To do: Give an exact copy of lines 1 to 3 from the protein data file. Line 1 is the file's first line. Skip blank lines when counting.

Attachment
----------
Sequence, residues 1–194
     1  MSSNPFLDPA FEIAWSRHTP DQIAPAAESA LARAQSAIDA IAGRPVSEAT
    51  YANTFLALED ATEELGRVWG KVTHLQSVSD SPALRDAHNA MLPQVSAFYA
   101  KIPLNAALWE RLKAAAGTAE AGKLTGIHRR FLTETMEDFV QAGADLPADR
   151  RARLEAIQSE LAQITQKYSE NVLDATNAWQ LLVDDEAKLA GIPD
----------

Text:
Sequence, residues 1–194
     1  MSSNPFLDPA FEIAWSRHTP DQIAPAAESA LARAQSAIDA IAGRPVSEAT
    51  YANTFLALED ATEELGRVWG KVTHLQSVSD SPALRDAHNA MLPQVSAFYA